MercoPress, en Español

Montevideo, March 25th 2019 - 20:51 UTC

Potential of US offshore oil and gas, according to American Petroleum Institute

Friday, November 21st 2014 - 06:59 UTC
Full article 3 comments
Eastern Gulf of Mexico, the Pacific OCS and the Atlantic OCS are currently almost entirely off-limits to offshore oil and gas development Eastern Gulf of Mexico, the Pacific OCS and the Atlantic OCS are currently almost entirely off-limits to offshore oil and gas development
”We can do much more of the same (jobs, investment, revenue, reliable sources) with more access to the OCS,” said NOIA president Randall Luthi. ”We can do much more of the same (jobs, investment, revenue, reliable sources) with more access to the OCS,” said NOIA president Randall Luthi.

Two new studies released by the National Ocean Industries Association (NOIA) and the American Petroleum Institute (API) show significant potential added energy and economic benefits to the United States if the Eastern Gulf of Mexico and the Pacific outer continental shelf (OCS) were opened to offshore oil and natural gas development.

 Both studies were conducted by Quest Offshore Inc., which also conducted a study of the Atlantic OCS, which NOIA and API released last year.

“The U.S. oil and gas industry is already a major source of jobs, economic activity, revenue to state and federal governments, and affordable and reliable American energy for American consumers. We can do much more of the same with more access to the OCS,” said NOIA president Randall Luthi.

All three areas – the Eastern Gulf of Mexico, the Pacific OCS and the Atlantic OCS – are currently almost entirely off-limits to offshore oil and gas development but could be included in the federal government’s next five-year leasing program. If the federal government begins holding lease sales in these regions in 2018, the three studies show that by 2035.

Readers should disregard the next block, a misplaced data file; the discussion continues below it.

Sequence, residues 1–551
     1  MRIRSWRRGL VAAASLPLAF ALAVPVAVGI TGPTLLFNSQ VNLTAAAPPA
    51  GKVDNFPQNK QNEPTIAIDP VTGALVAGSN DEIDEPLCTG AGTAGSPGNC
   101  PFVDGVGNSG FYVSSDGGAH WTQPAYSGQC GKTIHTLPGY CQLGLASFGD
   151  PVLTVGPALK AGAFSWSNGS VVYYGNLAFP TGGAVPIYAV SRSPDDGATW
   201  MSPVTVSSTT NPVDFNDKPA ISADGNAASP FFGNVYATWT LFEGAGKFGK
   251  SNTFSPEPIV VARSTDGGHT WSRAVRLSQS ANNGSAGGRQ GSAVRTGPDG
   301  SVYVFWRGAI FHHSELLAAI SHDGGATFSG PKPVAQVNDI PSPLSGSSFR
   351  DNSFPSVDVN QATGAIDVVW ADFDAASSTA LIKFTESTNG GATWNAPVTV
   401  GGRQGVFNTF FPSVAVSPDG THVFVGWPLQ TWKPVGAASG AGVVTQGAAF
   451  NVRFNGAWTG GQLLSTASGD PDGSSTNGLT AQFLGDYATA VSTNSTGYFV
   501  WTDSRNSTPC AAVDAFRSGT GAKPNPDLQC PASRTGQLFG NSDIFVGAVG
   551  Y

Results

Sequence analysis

Pacific OCS development could create more than 330,000 jobs, spur nearly 140 billion dollars in private sector spending, generate 81 billion in revenue to the government, contribute over 28 billion per year to the U.S. economy, and add more than 1.2 million barrels of oil equivalent per day in domestic energy production.

Eastern Gulf of Mexico development could create nearly 230,000 jobs, spur 114.5 billion in private sector spending, generate 69.7 billion in revenue for the government, contribute over 18 billion per year to the U.S. economy, and add nearly 1 million barrels of oil equivalent per day to domestic energy production.

Atlantic OCS development could create nearly 280,000 jobs, spur 195 billion in private sector spending, generate 51 billion in revenue for the government, contribute up to 24 billion per year to the U.S. economy, and add 1.3 million barrels of oil equivalent per day to domestic energy production.

Development in all three study areas – the Eastern Gulf of Mexico, the Pacific OCS, and the Atlantic OCS – could, by 2035, create more than 838,000 jobs annually, spur nearly 449 billion in new private sector spending, generate more than 200 billion in new revenue for the government, contribute more than 70 billion per year to the U.S. economy, and add more than 3.5 million barrels of oil equivalent per day to domestic energy production.

“None of the benefits shown in the studies can be realized without actual sales. The key to tapping this amazing economic and energy potential is including lease sales in these areas in the 2017-2022 OCS Oil and Gas Leasing Program,” Luthi said.

Top Comments

Disclaimer & comment rules
  • yankeeboy

    Once Odumbo is gone and the waters are opened again for exploration watch out!
    This is just the beginning of the O/G revolution in the USA.
    It will change the world.

    Nov 21st, 2014 - 11:05 am 0
  • Klingon

    I guess they have forgotten about the BP oil spill already.

    Nov 21st, 2014 - 06:11 pm 0
  • yankeeboy

    One accident and you should stop forever?
    You Rgs are silly creatures.

    Nov 21st, 2014 - 06:52 pm 0
Read all comments

Commenting for this story is now closed.
If you have a Facebook account, become a fan and comment on our Facebook Page!